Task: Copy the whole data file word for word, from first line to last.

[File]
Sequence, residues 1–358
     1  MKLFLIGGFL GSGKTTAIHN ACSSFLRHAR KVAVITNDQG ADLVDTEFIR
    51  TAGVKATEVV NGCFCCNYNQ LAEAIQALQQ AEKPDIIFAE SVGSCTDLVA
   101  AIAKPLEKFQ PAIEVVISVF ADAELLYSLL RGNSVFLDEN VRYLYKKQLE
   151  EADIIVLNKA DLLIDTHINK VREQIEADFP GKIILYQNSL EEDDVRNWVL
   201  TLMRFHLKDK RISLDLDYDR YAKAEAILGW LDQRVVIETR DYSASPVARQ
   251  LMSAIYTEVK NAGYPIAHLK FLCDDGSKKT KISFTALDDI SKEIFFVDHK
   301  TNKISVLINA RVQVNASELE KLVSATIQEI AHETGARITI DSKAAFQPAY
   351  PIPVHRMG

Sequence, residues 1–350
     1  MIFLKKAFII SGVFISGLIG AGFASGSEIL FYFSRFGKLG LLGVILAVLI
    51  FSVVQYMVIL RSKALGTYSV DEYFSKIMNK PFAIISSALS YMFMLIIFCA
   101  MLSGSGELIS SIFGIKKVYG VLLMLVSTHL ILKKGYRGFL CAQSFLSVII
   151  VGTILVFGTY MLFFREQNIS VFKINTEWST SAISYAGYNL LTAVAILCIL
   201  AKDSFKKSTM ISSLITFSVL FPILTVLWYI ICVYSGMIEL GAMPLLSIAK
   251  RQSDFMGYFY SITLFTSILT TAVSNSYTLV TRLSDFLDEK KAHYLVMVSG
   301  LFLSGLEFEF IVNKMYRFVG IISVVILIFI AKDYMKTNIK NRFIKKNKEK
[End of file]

Sequence, residues 1–358
     1  MKLFLIGGFL GSGKTTAIHN ACSSFLRHAR KVAVITNDQG ADLVDTEFIR
    51  TAGVKATEVV NGCFCCNYNQ LAEAIQALQQ AEKPDIIFAE SVGSCTDLVA
   101  AIAKPLEKFQ PAIEVVISVF ADAELLYSLL RGNSVFLDEN VRYLYKKQLE
   151  EADIIVLNKA DLLIDTHINK VREQIEADFP GKIILYQNSL EEDDVRNWVL
   201  TLMRFHLKDK RISLDLDYDR YAKAEAILGW LDQRVVIETR DYSASPVARQ
   251  LMSAIYTEVK NAGYPIAHLK FLCDDGSKKT KISFTALDDI SKEIFFVDHK
   301  TNKISVLINA RVQVNASELE KLVSATIQEI AHETGARITI DSKAAFQPAY
   351  PIPVHRMG

Sequence, residues 1–350
     1  MIFLKKAFII SGVFISGLIG AGFASGSEIL FYFSRFGKLG LLGVILAVLI
    51  FSVVQYMVIL RSKALGTYSV DEYFSKIMNK PFAIISSALS YMFMLIIFCA
   101  MLSGSGELIS SIFGIKKVYG VLLMLVSTHL ILKKGYRGFL CAQSFLSVII
   151  VGTILVFGTY MLFFREQNIS VFKINTEWST SAISYAGYNL LTAVAILCIL
   201  AKDSFKKSTM ISSLITFSVL FPILTVLWYI ICVYSGMIEL GAMPLLSIAK
   251  RQSDFMGYFY SITLFTSILT TAVSNSYTLV TRLSDFLDEK KAHYLVMVSG
   301  LFLSGLEFEF IVNKMYRFVG IISVVILIFI AKDYMKTNIK NRFIKKNKEK